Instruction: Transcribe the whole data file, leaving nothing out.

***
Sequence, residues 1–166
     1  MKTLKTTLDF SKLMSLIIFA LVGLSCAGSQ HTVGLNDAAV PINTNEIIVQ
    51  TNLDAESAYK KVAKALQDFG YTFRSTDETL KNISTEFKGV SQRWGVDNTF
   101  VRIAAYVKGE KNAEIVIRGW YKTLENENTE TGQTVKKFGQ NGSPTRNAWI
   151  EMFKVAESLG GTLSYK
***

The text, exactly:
Sequence, residues 1–166
     1  MKTLKTTLDF SKLMSLIIFA LVGLSCAGSQ HTVGLNDAAV PINTNEIIVQ
    51  TNLDAESAYK KVAKALQDFG YTFRSTDETL KNISTEFKGV SQRWGVDNTF
   101  VRIAAYVKGE KNAEIVIRGW YKTLENENTE TGQTVKKFGQ NGSPTRNAWI
   151  EMFKVAESLG GTLSYK